Last week, the mayor of Seattle boasted that her city was the first major urban area in the US to hit herd immunity from the coronavirus. Mayor Jenny Durkan celebrated the milestone of 70 per cent of people in the city 12 and older being fully vaccinated.
Nearly 80 percent of the total population in the state has received at least one dose.
“When we launched our vaccination effort earlier this year, I said that I wanted to Seattle to become the first major American city to fully vaccinate 70 percent of its residents. Today, I am incredibly proud that we have reached that goal,” the mayor said on 9 June.
San Francisco, California caught up to Seattle a couple of days later by hitting the 70 per cent vaccination goal.
Scientists have put this down to demographics and trust in institutions, such as
“I think it’s a combination of an affluent, more educated, and aware population,” Dr Ali Mokdad told Healthline of Seattle’s vaccination success. “And most importantly, they had trust in the government and health officials.”
He stressed that wasn’t necessarily the case in the state at large, which recently joined the trend of lottery incentives to encourage people to roll up their sleeves for a Covid shot.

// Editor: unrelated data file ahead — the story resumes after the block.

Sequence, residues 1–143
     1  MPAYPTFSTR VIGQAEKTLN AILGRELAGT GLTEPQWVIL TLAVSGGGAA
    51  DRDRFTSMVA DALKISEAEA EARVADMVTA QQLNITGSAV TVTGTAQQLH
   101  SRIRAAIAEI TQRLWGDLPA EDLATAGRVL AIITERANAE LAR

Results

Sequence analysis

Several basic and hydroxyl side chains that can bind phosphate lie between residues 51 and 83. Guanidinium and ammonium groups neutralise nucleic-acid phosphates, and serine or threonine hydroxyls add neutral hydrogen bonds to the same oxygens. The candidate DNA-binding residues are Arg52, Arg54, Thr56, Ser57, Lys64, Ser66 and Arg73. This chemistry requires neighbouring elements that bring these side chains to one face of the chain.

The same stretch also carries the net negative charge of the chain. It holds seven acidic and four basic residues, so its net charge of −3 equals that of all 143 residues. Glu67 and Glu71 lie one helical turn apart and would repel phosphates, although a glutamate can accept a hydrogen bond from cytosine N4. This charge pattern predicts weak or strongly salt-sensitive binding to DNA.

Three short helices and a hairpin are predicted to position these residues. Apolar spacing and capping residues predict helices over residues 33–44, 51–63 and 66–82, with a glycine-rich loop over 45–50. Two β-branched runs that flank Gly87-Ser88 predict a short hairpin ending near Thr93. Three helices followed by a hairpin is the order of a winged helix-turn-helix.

These schemes seek to boost vaccination rates. Some populations, including communities of colour, have historically had higher levels of skepticism towards vaccines.
In March, the CDC reported that only seven per cent of Black Americans, nine per cent of Latino Americans and two per cent of Indigenous Americans had one dose, according to ABC News.
Vice president and chief diversity officer of John Hopkins School of Medicine Sherita Hill Golden explained why these communities are more likely to be reluctant to be vaccinated.
“People of color, along with immigrants and differently-abled men and women have endured centuries of having their trust violated. We need to give people the facts about the vaccine’s safety and efficacy, and renew their trust toward health care in general.”
At a federal level, President Joe Biden has set the national target of 70 per cent of the population to have at least one jab of coronavirus vaccine by 4 July and announced a “Month of Action”, complete with prizes and similar incentives.
Despite this, the president’s goal is not expected to be reached due to high rates of vaccine hesitancy across the country. It is believed that if vaccine rates continued at their current level, nearly 68 per cent of Americans will have had at least one dose of a coronavirus jab by Mr Biden’s deadline.
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